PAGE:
• About 1940 a group picture, Dad had of the United States orderlies, in Havana, in 1901, was published in the Spanish-American War Veterans newspaper.
  • Dad received letters from several of the men. One man inquired about his wife and child?
    • (Dad said the man had him mixed up with someone else. Knowing Dad, Mother, was somewhat skeptical.)
  • Soon afterwards, Albert A Le Gendre arrived in Warren, Arkansas, to assume the position of Steam and Electrical Engineer at the Arkansas Lumber Company.

He was directed to a boarding house, owned and operated by William and Mamie McDonald.  He enjoyed his meals and asked to meet the cook.

  • The cook was their seventeen year old niece, Georgia Deever who had arrived a few months earlier from Kansas – to escape from her drunken father, Charles Wesley Deever.
    • (Interestingly, Mother never attempted to cover-up or camouflage any of her childhood.)

November 28, 1910 Georgia Deever and Albert A LeGendre were married in Warren, Arkansas.

  • Both independent in nature and strong-willed.
  • Dad was 5 feet 10 inches in height, and never weighed more than a 145 pounds in his life.
    • Dad’s hair was black and straight, when we knew him. Although, he told us that it was blond and curly until he had yellow fever, when stationed in the Panama canal zone.  (All of his hair fell out and came back in black.)
  • Mother was 5 feet 5 inches in height. Her weight varied during the years, from 120 pounds to 200 pounds – in her late thirtieths – and then back to 120 pounds.
    • Mother’s hair was jet black, very fine, and curly.
  • Mother was a very friendly person and like to be around people. She was always doing something for her neighbors, the school, or strangers.


Mother often told the story of how Dad had invented an electric bread wrapping machine (1911 – 1912) before I was born.

  • To demonstrate his new invention, he would use blocks of wood to represent loaves of bread; and mother would watch as he ran the blocks through the machine to be automatically wrapped and sealed in a paper wrapping.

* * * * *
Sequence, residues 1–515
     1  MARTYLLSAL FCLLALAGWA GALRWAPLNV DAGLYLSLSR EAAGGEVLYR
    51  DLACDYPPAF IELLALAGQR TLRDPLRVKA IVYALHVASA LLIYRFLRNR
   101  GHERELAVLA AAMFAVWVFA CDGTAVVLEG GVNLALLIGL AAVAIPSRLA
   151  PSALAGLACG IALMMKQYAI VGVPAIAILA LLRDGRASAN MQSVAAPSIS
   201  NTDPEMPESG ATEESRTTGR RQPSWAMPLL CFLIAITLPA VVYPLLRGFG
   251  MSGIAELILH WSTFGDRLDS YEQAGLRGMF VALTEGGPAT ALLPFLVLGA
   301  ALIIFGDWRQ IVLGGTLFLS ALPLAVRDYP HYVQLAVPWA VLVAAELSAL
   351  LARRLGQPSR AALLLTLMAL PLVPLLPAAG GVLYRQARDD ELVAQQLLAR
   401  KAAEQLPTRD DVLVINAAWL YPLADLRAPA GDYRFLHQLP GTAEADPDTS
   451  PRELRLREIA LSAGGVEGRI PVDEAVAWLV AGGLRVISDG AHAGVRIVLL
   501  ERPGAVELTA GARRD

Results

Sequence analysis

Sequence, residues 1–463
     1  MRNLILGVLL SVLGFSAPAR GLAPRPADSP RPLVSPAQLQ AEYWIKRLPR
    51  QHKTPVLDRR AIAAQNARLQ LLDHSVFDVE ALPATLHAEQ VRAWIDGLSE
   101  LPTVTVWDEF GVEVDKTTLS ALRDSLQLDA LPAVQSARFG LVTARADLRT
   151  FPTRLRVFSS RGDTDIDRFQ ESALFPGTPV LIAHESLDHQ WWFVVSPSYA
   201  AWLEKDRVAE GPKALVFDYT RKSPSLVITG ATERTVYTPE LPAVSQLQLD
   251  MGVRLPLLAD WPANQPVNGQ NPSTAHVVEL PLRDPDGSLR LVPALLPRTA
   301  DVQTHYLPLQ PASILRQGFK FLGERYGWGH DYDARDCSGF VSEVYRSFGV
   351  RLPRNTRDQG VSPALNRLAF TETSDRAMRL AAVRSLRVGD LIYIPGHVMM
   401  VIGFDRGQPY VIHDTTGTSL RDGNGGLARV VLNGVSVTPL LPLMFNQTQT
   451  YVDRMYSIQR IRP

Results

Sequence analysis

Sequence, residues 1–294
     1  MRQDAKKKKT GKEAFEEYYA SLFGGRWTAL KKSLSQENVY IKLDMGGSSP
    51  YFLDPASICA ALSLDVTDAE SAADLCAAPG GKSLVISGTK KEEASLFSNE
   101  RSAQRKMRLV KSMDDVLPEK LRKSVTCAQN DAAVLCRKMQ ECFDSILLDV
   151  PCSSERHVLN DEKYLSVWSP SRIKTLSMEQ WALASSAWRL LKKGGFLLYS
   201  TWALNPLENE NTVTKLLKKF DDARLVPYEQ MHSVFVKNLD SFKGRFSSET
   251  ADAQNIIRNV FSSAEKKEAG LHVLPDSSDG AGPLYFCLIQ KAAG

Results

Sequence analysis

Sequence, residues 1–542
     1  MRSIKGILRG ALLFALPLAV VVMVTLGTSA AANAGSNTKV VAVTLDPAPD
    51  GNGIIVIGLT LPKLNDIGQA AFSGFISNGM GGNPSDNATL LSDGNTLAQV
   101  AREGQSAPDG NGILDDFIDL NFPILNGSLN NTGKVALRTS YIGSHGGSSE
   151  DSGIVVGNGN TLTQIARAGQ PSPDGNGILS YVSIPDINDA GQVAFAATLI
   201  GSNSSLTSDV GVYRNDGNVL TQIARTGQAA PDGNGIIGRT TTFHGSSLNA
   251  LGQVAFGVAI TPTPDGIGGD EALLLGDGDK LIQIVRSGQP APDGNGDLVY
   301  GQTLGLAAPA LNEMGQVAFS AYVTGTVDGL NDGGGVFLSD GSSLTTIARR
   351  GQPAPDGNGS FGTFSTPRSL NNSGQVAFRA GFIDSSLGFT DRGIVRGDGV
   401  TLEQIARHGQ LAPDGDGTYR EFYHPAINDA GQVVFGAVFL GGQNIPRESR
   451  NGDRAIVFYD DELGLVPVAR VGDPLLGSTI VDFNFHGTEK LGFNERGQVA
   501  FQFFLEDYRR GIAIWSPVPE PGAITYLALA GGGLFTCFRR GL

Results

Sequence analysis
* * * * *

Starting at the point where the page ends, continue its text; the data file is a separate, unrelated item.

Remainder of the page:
Dad sent the plans, and all pertinent information, to a patent lawyer in Washington, D.C.  The lawyer replied that a number of new inventions would be involved in the patenting of his machine;  each requiring a separate patent;  and requested an advanced payment of $600.00 in order to proceed with the patent papers.

Dad replied that he didn’t have the money and requested that the application be returned to him.

  • The application was never returned. (Dad forwarded several request;  which apparently were ignored.)
    • In those days, lawyers were in control; leaving the individual with no recourse.
  • In the early 1930’s, newspapers nationwide carried headlines regarding a new automatic bread wrapping machine that bakeries were installing.
  • After inspection, Dad said that it was identical to the one he had invented.
    • Dad concluded that the lawyer had held his plans until the time when his original claim for a patent had expired and the the lawyer filed a claim in his own name.
    • Prior to that time, all bread had to be hand wrapped.

In the meantime, Dad and Mother were out buggy riding Their buggy whip was snatched by a passing buggy driver.

  • Dad invented and patented a “whip-holder.”
  • By the time his patent was granted, buggy whips were going out-of-style because of the popularity of the automobile.



In the next installment,  you’ll find out why Alberta wasn’t named Margaret, and why a dog taught her to walk.